Carlos Dunlap hosting a day at the spa.
Diane Ross wanted the name on the back of her No. 96 Bengals jersey to say, "Dunlap's Mom." But they wouldn't drop in the apostrophe and that just wasn't good enough for the principal of Goodwin Elementary in North Charleston, S.C.
"I wasn't too crazy about it not being spelled correctly," she says and she opted to go without the punctuation. "Momma Dunlap."
No wonder the guy who wears No. 96 on the field, Carlos Dunlap, grew up to make education "the core," of his foundation. Now a better student than when he was a student ("He was procrastinator," Diane says), Dunlap has taken extensive notes from those around him since he came into the NFL five years ago and produced one of city's most active outreaches for youth.
On Monday night he made his fourth appearance at the Marvin Lewis Community Fund's "Shop with a Pro," at Dick's Sporting Goods in the Newport Pavilion, his coach's award-winning foundation. Fellow defensive end Michael Johnson, who took Dunlap under his all-inclusive 6-foot-7 wing when it came to community endeavors, joined the Christmas shopping spree. A former D-linemate, Devon Still, introduced him to the sheer power of inspiration last year.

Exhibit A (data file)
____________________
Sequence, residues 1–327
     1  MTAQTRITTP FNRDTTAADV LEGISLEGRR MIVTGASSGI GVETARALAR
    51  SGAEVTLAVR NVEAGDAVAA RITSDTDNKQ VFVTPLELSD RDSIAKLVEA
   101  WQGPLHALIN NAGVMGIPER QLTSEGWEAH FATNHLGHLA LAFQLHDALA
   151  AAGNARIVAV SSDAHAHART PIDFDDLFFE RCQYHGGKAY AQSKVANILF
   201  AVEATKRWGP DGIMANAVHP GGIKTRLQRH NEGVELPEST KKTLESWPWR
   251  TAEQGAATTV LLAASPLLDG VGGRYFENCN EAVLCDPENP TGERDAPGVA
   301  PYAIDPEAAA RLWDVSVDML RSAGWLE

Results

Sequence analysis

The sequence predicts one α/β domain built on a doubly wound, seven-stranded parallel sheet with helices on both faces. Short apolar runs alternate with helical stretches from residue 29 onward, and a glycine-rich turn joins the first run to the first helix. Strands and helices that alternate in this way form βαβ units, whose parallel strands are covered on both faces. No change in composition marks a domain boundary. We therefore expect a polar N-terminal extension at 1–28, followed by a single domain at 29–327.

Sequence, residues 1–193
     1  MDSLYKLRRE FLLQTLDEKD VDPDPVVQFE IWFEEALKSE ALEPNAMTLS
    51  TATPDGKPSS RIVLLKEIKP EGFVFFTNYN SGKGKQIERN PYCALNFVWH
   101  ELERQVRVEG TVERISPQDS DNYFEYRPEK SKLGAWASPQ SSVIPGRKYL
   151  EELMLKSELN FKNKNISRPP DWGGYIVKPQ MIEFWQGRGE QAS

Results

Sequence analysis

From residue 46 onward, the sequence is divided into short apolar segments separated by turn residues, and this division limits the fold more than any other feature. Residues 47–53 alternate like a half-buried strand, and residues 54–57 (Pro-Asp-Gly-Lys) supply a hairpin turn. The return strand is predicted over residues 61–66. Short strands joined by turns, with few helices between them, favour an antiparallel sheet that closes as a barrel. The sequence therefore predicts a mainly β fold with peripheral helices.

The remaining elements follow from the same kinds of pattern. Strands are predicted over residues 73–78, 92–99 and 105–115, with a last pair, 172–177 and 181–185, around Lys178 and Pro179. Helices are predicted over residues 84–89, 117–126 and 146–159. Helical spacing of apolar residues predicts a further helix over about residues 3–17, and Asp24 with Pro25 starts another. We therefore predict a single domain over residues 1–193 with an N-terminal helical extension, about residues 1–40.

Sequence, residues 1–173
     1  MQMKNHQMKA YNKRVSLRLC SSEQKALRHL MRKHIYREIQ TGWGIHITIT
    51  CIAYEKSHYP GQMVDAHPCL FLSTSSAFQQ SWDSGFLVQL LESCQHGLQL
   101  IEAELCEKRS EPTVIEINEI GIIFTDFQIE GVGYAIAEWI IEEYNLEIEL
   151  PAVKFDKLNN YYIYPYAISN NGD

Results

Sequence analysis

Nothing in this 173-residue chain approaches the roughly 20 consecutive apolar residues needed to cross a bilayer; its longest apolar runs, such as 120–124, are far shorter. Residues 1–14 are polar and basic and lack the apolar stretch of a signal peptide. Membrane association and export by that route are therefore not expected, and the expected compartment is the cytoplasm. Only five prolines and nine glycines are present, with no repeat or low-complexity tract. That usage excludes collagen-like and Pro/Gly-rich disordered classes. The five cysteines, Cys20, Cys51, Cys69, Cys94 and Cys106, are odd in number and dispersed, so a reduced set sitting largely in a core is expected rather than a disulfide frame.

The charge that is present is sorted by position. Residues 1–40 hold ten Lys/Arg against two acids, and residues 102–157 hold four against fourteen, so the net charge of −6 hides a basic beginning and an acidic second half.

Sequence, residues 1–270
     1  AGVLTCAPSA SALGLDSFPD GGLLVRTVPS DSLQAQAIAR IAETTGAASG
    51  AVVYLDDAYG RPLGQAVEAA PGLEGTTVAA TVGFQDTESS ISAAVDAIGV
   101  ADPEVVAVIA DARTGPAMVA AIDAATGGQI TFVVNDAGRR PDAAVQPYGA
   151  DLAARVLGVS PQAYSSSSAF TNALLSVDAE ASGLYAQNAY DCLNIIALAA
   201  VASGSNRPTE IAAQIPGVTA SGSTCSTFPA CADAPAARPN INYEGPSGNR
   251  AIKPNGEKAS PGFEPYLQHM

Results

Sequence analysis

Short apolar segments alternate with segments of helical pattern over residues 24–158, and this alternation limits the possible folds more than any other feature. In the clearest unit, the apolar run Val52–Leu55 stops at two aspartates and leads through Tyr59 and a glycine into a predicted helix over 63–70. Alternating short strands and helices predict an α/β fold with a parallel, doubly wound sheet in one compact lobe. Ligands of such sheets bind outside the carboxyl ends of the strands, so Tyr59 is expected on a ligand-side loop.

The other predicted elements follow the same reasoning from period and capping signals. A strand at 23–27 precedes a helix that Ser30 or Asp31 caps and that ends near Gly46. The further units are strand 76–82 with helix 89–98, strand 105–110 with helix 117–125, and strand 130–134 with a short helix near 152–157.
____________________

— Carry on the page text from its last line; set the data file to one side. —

"I've done some things in Charleston, but when I started my foundation I wanted it to be in Cincinnati," Dunlap says. "I feel like this is my community. I live here. I want what's best for my community."
The NFL provided the punctuation Wednesday when Dunlap was named the Bengals nominee for this year's Walter Payton Man of the Year Award, capping a long, personal journey of growth that has benefitted the needy children of Cincinnati.
"There have been a few sit downs," Lewis said with a smile when the award was announced Wednesday. "The one thing that has been consistent has been his ability to give to others. He's well-raised, a great kid deep down, and always has been helpful and wants to do for others."